Italian Cinema and Society: Contemporary Italy. An analysis of the transformation of Italian society in the second half of the twentieth century through its cinematic representation: the impact of capitalism and American culture, political protest, terrorism, the crisis of Communism, the influence of TV culture, and the question of national identity. The viewing and discussion of films is accompanied by critical readings. Movies by Moretti, Capuano, Garrone, Bellocchio, Giordana, and others. The course is taught in Italian. Films in Italian with English subtitles. Ms. Bondavalli.

Prerequisites: Italian 270 or 280 or special permission.

Alternate years: not offered in 2009/10.

[ 237a. Dante's Divine Comedy in Translation ](1)

A close reading of the entire Comedy in its historical, philosophical, theological, and literary contexts. Conducted in English. Mr. Ahern. Open to all classes. Italian majors see Italian 337.

Alternate years: not offered in 2009/10.

[ 242. Boccaccio's Decameron in Translation: The "Novella" as Microcosm ](1)

A close reading of the one hundred tales with emphasis on social, cultural, and gender issues of the later Middle Ages. Reference is made to classical sources (Ovid, Petronius, Apuleius), the French Fabliaux, and Courtly Literature. The course also analyzes contemporary rewritings of the text in different genres and media. Conducted in English. Mr. Giusti.

Open to all classes. Italian majors see Italian 342.

Two 75-minute meetings.

Alternate years: not offered in 2009/10.

[ 250b. Italian Cinema in English ](1)

Cultural, ideological, and aesthetic issues in the history of Italian cinema from neo-realism to contemporary auteurs. Ms. Blumenfeld.

Open to sophomores, juniors, and seniors. May be counted towards the Italian major.

One 3-hour meeting and one film screening.

Alternate years: not offered in 2009/10.

255b. Four Italian Filmmakers (in English)(1)

Close analysis of the narrative and visual styles of Michelangelo Antonioni, Bernardo Bertolucci, Lina Wertmüller, and Nanni Moretti, in the context of post war Italian cinema and culture. Theoretical literature on these directors and on approaches to the interpretation of cinematic works aid us in addressing questions of style and of political and social significance. Ms. Blumenfeld.

No prerequisites.

Open to sophomores, juniors, and seniors. May be counted towards the Italian major.

One 3-hour meeting and one film screening.

[ 270a. Advanced Composition and Oral Expression ](1)

Development of oral and written skills through extensive conversation and essay writing. The course makes use of a variety of "texts" available in traditional formats (books, magazines, journals, films), as well as web-based materials. The topics covered are in the area of contemporary issues, with emphasis on cultural and socio-political phenomena. The department.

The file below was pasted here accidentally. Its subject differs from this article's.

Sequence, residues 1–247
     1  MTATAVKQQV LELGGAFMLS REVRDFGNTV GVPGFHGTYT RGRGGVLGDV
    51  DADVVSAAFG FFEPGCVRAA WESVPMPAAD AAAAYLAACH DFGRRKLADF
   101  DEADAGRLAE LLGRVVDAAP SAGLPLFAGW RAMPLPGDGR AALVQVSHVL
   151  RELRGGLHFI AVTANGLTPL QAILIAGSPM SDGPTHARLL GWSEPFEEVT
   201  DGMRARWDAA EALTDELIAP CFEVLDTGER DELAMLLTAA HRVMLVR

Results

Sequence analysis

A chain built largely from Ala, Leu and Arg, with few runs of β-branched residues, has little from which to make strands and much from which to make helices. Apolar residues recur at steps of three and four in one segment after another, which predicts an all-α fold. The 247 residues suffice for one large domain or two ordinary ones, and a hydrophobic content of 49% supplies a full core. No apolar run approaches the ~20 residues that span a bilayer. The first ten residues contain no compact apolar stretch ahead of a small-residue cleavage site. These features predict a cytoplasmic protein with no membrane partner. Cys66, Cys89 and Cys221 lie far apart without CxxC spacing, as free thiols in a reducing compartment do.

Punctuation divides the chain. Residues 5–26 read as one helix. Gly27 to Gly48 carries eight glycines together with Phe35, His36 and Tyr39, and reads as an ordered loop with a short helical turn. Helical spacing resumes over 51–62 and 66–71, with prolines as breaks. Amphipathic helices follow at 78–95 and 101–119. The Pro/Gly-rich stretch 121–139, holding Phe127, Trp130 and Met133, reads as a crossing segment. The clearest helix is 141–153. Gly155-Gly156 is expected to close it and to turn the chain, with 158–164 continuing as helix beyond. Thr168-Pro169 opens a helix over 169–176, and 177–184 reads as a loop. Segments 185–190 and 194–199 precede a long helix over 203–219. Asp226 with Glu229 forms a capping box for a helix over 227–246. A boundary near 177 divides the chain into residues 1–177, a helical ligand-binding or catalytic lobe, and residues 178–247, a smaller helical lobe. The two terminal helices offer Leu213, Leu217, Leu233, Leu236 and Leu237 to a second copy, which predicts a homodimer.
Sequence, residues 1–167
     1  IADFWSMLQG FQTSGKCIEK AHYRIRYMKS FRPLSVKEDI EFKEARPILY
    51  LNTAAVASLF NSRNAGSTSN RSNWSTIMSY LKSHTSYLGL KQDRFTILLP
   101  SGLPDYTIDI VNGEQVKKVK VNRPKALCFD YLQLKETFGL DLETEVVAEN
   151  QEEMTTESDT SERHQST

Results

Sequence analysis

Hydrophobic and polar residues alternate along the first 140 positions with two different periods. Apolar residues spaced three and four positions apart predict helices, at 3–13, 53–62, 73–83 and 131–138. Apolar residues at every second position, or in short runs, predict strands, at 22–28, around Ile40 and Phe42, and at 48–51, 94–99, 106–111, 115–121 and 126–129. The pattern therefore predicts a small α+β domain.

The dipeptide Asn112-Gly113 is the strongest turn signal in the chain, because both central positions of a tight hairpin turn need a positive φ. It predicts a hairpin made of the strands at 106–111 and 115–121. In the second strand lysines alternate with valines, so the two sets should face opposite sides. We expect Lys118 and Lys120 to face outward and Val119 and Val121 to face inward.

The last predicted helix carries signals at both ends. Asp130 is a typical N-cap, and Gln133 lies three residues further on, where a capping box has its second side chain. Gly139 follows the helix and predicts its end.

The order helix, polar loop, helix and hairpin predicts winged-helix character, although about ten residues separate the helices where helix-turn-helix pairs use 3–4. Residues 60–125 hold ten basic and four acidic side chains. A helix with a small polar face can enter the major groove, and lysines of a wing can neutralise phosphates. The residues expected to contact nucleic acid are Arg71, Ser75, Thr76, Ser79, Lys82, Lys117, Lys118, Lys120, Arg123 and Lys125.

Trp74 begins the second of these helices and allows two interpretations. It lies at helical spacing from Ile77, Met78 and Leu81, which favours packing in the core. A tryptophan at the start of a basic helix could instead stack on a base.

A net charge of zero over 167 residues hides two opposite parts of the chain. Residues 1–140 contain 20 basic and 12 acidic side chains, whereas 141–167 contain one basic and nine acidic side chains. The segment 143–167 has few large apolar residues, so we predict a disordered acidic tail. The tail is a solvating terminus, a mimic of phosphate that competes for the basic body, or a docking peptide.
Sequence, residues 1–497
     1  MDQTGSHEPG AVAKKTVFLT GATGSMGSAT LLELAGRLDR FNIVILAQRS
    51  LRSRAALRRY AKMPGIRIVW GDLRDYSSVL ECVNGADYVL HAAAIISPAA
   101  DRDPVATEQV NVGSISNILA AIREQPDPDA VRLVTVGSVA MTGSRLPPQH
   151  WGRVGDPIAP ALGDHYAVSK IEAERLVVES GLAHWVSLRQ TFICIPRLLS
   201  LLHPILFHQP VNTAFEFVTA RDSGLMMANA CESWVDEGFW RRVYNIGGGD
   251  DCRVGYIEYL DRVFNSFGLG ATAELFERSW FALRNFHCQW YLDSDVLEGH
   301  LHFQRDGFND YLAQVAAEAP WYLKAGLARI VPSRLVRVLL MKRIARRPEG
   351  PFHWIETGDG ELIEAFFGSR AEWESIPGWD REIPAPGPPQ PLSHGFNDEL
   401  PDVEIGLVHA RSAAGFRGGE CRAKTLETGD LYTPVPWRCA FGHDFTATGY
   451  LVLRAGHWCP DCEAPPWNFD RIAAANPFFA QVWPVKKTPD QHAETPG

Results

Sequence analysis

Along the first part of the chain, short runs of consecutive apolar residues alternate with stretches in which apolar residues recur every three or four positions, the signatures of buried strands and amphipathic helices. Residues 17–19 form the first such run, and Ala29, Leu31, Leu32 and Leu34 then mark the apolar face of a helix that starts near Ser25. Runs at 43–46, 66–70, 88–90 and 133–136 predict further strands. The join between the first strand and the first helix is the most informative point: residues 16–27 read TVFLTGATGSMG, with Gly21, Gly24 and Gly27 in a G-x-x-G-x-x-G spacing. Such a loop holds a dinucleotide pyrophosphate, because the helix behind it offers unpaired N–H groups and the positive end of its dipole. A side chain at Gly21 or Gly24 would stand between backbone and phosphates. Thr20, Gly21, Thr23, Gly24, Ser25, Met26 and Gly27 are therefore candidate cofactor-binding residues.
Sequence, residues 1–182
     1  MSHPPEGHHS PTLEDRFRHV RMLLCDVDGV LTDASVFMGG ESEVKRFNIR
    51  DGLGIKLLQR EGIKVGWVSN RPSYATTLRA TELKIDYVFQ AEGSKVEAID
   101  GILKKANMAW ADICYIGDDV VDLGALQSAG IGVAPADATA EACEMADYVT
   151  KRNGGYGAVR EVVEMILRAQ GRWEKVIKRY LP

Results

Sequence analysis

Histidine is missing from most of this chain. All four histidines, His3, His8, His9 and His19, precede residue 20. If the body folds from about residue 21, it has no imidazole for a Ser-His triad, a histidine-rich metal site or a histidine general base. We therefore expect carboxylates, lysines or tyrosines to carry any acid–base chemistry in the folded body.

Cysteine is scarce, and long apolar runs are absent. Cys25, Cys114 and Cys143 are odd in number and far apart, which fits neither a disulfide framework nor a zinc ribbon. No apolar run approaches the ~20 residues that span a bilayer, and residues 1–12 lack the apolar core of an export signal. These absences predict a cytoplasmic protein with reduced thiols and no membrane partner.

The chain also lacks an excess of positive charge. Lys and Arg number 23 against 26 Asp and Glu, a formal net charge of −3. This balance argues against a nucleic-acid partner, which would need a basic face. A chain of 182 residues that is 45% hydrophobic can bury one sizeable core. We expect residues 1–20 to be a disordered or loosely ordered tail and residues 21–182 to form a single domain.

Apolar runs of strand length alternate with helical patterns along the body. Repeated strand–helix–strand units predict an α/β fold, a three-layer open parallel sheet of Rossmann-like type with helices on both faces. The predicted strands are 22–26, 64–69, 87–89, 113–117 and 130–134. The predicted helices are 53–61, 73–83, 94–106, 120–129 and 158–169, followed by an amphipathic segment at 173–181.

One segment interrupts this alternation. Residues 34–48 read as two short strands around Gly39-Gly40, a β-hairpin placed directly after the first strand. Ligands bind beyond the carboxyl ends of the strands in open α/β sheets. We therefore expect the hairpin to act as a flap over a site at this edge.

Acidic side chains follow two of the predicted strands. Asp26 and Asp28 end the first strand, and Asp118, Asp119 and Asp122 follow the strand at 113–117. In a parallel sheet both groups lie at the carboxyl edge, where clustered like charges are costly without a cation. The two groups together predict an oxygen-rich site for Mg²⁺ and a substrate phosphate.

Two 75-minute meetings.

Prerequisite: Italian 206 or special permission.

Alternate years: not offered in 2009/10.

280a. Giorgio Bassani's Garden of the Finzi-Contini(1)

Bassani's novel is the story of the decadence of a Jewish family, from the proclamation of the Mussolini's Racial Laws in 1938, to the deportation of Italian Jews to Nazi death-camps in 1943, to the present of the narrator some 15 years later. Through social, historical, intellectual contextualizations, we engage in extensive linguistic, literary, and aesthetic analysis. Particular attention is devoted to the development of oral and written skills. Individual and group multi-media projects. Ms. Blumenfeld.

Two 75-minute meetings.

Prerequisite: Italian 206 or special permission.

290. Field Work(1/2or 1)

297.01. Reading Course. Topics in Seventeenth Century(1/2)

The department.

297.02. Reading Course. Topics in Eighteenth Century(1/2)

The department.

297.03. Reading Course. Topics in Nineteenth Century(1/2)

The department.

298. Independent Work(1/2 or 1)

III. Advanced

Prerequisite for all advanced courses: 2 units at the 200-level: 270 or 280, and 220 or 222; or by special permission.

300a-b. Senior Project(1)

The department.

301b. Senior Seminar(1)

An examination of selected topics in recent Italian culture or of a single topic across several centuries. May be taken more than once for credit when topic changes. Required of all senior majors.

Topic for 2009/10: Giovanni Boccaccio's "Decameron": The Novella as Microcosm. A close reading of the one hundred tales with specific emphasis on social, cultural and gender issues of the later Middle Ages as represented in the novella genre. Particular attention is to theDecameron's frame as a connective tissue for the one hundred tales and a space for gender debate and social re-creation. During the reading of the tales references are made to classical (Ovid, Petronius, Apuleius) and contemporary (French Fabliaux, Courtly Love, The Novellino) sources. Also we analyze in detail some of the Decameron's subtexts, its censored versions, critical interpretations, and re-writings through different media. There is a screening of and discussion on Pier Paolo Pasolini's "Decamerone" and Hugo Fregonese's "Decameron's Nights", and the presentation of visual representations of selected stories. Mr. Giusti.

[ 330. The Italian Renaissance: Poetry, Theater, Politics, and Ideology ](1)